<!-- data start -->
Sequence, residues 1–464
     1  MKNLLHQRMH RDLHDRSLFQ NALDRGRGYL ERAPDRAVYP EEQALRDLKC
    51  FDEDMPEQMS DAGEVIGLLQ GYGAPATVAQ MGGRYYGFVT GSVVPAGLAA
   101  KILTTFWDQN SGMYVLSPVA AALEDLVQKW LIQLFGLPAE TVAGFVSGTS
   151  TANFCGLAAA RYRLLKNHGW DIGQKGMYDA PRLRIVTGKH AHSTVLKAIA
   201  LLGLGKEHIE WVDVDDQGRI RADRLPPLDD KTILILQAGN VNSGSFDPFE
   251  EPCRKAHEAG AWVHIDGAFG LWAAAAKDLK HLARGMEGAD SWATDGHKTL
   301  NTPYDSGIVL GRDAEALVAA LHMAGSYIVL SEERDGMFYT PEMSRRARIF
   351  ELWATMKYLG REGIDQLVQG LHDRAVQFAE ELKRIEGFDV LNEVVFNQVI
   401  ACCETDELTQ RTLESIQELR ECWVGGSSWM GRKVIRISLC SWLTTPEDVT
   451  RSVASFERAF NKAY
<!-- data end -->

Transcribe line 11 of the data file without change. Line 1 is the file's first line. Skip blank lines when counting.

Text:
   451  RSVASFERAF NKAY